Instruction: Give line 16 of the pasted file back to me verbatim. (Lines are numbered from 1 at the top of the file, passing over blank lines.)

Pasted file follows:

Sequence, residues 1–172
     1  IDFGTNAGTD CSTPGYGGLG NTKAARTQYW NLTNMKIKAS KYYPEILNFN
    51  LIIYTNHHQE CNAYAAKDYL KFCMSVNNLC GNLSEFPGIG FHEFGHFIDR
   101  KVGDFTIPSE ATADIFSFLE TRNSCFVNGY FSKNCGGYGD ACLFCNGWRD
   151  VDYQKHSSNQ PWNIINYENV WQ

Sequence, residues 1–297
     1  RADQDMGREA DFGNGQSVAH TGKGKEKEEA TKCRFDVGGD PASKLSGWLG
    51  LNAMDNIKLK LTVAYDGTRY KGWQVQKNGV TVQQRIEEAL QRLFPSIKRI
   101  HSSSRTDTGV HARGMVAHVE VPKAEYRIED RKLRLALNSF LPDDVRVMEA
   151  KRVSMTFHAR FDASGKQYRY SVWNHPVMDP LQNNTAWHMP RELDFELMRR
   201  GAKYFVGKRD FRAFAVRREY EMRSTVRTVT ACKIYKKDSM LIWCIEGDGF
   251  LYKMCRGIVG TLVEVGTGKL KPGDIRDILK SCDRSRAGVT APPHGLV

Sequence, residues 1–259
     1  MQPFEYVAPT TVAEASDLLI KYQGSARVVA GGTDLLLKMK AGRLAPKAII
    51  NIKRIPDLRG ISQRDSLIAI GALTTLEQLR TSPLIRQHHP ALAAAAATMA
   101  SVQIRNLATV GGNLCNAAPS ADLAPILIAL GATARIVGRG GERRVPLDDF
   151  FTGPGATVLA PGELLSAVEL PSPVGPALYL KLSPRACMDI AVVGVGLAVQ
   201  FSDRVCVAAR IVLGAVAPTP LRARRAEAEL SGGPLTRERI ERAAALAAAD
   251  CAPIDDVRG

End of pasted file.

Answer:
   101  SVQIRNLATV GGNLCNAAPS ADLAPILIAL GATARIVGRG GERRVPLDDF